The island of Bali is the face of a duck with great volcanoes for eyes, with the Bukit Peninsula, where surfers make year-round pilgrimage, dangling by a narrow isthmus like the giant testicles of a holy bull. Bali is an expanse of unspeakable beauty. It is the land of the gamelan — the orchestral ensemble of bronze-keyed percussion instruments — and temple dances, and theatrical ritual. For centuries, the Balinese have waylaid the forces of cultural change on its jagged reefs that bite into the Bali Sea. Big cities teem with tour-driven tourists, Kuta more than any other, and parts of the southern coast are caked thick with resorts and thousands of turis all getting away.
On Bukit, near the cliffs of Uluwatu, is a beachy surf spot called Padang-Padang (“fields”), hidden but popular in a crescent-shaped dip in the coast. Minutes north are Impossibles and Bingin and Dreamland and Balangan. A little shack on the beach serves up nasi goreng (fried rice) and the traveler’s staple: Indonesian Bintang beer in half-liter bottles. The Peninsula lives by the tourist pulse — Mexican restaurants, happy hours, an Italian trattoria, burger joints in a culture where cows are sacred. (Bali is a Hindu enclave in the largely Muslim Indonesia.)
Travelers here are rarely sweet to the random traveler. There is no surprise in seeing western faces, in Spaniards meeting Spaniards, in Australians finding Australians, in Manhattanites finding Manhattanites. Though for more than a hundred years Westerners have lamented Bali’s lost mystery at the hands of all-them-that-have-been-here-too, recent decades have increasingly watched parts of Bali paved and primped for the world’s pleasure-seeking onslaught on its southeast. Some of us that travel there may never let go of the idealized “untouched”. Some of us doing the touching will continue to look for the “untraveled”. Along the coast of the Bukit Peninsula, at least, this is not the healthiest expectation.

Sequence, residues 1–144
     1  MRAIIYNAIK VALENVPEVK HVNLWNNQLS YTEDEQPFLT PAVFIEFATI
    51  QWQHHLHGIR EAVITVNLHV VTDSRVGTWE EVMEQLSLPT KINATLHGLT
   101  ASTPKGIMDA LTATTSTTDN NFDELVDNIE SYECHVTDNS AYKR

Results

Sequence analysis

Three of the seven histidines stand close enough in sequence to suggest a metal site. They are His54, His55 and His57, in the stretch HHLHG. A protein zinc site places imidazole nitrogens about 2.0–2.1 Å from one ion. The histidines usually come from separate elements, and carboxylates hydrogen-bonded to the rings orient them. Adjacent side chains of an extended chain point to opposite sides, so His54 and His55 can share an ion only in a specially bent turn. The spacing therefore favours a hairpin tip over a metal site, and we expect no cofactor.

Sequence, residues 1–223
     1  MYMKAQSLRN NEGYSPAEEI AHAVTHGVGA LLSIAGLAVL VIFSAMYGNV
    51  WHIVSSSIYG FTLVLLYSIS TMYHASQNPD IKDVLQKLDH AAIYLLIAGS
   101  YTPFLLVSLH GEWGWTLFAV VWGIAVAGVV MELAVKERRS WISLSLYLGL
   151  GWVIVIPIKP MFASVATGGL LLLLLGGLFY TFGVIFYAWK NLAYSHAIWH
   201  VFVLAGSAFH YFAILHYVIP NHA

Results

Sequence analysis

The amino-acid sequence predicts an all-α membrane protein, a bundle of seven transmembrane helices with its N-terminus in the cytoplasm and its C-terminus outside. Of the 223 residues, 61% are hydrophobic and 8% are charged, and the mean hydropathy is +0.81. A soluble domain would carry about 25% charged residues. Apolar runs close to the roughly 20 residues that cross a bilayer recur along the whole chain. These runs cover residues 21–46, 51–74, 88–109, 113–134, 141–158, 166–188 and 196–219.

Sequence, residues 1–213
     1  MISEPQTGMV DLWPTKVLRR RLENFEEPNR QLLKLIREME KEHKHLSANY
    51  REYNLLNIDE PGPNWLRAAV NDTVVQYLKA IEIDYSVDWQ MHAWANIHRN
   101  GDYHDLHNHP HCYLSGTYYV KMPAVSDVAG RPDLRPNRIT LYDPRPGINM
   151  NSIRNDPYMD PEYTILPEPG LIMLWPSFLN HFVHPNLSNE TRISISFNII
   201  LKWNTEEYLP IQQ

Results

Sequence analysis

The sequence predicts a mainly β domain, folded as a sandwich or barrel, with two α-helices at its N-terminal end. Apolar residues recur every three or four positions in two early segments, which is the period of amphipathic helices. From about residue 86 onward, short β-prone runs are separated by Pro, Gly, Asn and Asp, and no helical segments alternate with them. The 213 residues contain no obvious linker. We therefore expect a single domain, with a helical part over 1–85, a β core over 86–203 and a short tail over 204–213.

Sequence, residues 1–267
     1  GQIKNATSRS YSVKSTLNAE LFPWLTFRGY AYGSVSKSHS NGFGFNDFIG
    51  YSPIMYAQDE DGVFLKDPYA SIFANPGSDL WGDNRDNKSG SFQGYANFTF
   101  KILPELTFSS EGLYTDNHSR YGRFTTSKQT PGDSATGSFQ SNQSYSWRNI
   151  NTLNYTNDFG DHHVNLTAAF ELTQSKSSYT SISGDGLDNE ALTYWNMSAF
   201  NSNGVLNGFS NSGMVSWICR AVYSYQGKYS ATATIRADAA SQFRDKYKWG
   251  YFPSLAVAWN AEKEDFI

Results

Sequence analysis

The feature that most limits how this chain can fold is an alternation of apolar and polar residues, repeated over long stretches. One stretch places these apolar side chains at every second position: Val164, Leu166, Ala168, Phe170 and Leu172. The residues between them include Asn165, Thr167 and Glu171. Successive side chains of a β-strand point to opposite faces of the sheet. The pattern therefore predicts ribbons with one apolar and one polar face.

The duck’s bill is almost entirely uninhabited. West Bali is gorgeous and ravenous (as in, having lots of gorges and ravines) and as seen from above is nothing but pointy green hills rolling towards Java. At the very northwestern tip of the island is a tiny, separate island easily reachable by boat: the steeps walls around Menjangen are a diver’s paradise, with rays, sharks, fish dressed like it’s the 1970s, and ones like the Scorpion Fish, with rocklike skin that changes color almost instantly to match its surroundings. The extremely lucky (not I) may see a massive ocean sunfish, a mola mola, rising to the surface mouth agape to have its teeth cleaned by a swarm of tiny fishes.
By the volcanic black sand beaches in the far east of Bali, resorts and bungalows are easy to find but not overwhelming. There is little to do but snorkel and relax, or buy blowguns from Komang on the beach and shoot them into trees. Life is relaxed. Predawn Balinese prayer may waft from loudspeakers into open bedrooms if it is a holy day. It’s often a holy day.
I spent the largest part of my summer month just outside the town of Payangan high in the hills of central Bali. From Ubud, a major destination for temples and monkeys and restaurants and big city life à la Balinese, we drove an hour and a half towards away. Small, square floral offerings plated in banana leaves are common, set down in the road to protect against evil and accidents. Up here in sight of the great mountains was yet another side of Bali, more rural but perhaps more complex in its balance of tradition and tourist desires.
Ducks padded around in the rice paddies, picking out bad stuff and leaving the good. Just opposite on the semi-paved road that wound around to the local temple was the understated entrance to a huge villa, anyone’s for the renting.
Lots and lots of pictures from Bali if you click here.